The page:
PURPOSE: The increasing burden of invasive fungal infections results in growing challenges to antifungal (AF) therapeutic drug monitoring (TDM). This review aims to provide an overview of recent advances in AF TDM. METHODS: We conducted a PubMed search for articles during 2016-2020 using "TDM" or "pharmacokinetics" or "drug-drug-interaction" with "antifungal," consolidated for each AF. Selection was limited to English language articles with human data on drug exposure. RESULTS: More than 1000 articles matched the search terms. We selected 566 publications. The latest findings tend to confirm previous observations in real-life clinical settings. The pharmacokinetic variability related to special populations is not specific but must be considered. AF benefit-to-risk ratio, drug-drug interaction (DDI) profiles, and minimal inhibitory concentrations for pathogens must be known to manage at-risk situations and patients. Itraconazole has replaced ketoconazole in healthy volunteers DDI studies. Physiologically based pharmacokinetic modeling is widely used to assess metabolic azole DDI. AF prophylactic use was studied more for Aspergillus spp. and Mucorales in oncohematology and solid organ transplantation than for Candida (already studied). Emergence of central nervous system infection and severe infections in immunocompetent individuals both merit special attention. TDM is more challenging for azoles than amphotericin B and echinocandins. Fewer TDM requirements exist for fluconazole and isavuconazole (ISZ); however, ISZ is frequently used in clinical situations in which TDM is recommended. Voriconazole remains the most challenging of the AF, with toxicity limiting high-dose treatments. Moreover, alternative treatments (posaconazole tablets, ISZ) are now available. CONCLUSIONS: TDM seems to be crucial for curative and/or long-term maintenance treatment in highly variable patients. TDM poses fewer cost issues than the drugs themselves or subsequent treatment issues. The integration of clinical pharmacology into multidisciplinary management is now increasingly seen as a part of patient care.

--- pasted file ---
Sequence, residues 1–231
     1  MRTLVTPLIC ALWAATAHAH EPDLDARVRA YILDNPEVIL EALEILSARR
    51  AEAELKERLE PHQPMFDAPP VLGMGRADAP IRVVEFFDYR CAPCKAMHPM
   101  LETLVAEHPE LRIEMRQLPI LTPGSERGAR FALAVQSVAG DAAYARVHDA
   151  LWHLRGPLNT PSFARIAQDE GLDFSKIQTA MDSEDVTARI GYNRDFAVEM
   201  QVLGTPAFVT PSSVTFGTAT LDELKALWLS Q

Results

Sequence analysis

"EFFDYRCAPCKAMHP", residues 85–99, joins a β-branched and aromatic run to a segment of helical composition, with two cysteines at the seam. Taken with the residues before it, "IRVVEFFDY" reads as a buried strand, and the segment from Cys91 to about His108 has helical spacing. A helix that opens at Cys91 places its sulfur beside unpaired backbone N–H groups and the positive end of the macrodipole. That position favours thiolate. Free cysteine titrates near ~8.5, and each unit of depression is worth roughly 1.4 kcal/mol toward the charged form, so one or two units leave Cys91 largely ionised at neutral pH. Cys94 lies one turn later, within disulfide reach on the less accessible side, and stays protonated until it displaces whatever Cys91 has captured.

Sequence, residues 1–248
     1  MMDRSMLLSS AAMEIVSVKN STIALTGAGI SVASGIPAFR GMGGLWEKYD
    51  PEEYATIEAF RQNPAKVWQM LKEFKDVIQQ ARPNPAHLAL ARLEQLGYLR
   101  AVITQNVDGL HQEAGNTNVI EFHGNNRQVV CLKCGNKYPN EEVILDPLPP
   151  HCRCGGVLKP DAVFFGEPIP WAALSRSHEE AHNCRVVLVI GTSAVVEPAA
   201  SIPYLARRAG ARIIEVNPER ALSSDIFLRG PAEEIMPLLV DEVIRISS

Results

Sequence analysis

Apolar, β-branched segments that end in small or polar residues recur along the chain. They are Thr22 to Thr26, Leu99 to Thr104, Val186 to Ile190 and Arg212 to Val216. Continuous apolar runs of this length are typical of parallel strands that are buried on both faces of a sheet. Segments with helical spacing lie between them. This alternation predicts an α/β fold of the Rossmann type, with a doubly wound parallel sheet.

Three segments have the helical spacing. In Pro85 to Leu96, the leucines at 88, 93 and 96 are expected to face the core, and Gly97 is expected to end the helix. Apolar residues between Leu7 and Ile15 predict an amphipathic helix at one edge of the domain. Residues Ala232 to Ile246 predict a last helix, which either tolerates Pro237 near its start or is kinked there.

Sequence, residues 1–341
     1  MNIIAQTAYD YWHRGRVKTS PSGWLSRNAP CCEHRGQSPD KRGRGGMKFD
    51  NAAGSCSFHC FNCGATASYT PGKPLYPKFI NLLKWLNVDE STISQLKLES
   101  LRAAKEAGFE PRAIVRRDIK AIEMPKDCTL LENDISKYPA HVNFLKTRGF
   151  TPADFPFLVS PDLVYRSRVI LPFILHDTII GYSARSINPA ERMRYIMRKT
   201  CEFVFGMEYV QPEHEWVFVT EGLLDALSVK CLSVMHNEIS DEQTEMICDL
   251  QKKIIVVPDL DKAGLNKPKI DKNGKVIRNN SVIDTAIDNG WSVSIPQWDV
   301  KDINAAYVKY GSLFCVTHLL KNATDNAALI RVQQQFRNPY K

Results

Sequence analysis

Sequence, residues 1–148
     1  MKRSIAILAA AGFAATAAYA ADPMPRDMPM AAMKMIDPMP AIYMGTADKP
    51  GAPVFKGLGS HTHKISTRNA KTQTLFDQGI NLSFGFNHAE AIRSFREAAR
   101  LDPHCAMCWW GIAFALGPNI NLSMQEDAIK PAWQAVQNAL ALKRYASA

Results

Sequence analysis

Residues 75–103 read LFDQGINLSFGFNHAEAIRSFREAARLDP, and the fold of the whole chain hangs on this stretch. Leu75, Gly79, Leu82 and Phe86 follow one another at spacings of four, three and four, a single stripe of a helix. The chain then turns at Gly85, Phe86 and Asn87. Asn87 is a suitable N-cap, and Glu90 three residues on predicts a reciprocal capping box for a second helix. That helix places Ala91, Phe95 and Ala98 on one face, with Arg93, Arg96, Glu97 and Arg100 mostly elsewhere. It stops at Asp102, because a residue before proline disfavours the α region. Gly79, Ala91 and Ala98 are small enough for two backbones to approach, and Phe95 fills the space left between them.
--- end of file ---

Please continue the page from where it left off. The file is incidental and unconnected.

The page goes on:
Subject(s)
Antifungal Agents , Drug Monitoring , Antifungal Agents/pharmacokinetics , Drug Monitoring/methods , Fluconazole , Humans , Itraconazole , Voriconazole
3.
Int J Mol Sci ; 23(17)2022 Aug 23.
Article in English | MEDLINE | ID: covidwho-1997649

ABSTRACT